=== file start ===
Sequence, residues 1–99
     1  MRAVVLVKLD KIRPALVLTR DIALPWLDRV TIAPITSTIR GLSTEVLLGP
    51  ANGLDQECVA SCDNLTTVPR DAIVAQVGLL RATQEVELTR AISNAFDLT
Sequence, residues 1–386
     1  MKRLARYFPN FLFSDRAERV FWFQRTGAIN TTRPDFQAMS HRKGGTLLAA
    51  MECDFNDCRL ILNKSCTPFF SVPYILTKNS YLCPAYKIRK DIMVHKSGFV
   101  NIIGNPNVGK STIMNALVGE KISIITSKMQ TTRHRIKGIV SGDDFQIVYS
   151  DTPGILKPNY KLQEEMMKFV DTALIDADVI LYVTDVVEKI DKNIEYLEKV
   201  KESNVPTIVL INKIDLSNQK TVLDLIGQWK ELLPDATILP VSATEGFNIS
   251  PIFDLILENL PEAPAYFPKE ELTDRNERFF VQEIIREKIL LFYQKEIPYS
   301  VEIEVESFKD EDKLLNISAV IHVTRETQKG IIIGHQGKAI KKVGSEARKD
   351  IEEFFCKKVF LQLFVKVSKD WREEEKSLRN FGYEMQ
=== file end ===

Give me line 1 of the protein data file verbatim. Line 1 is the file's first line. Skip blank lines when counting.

Sequence, residues 1–99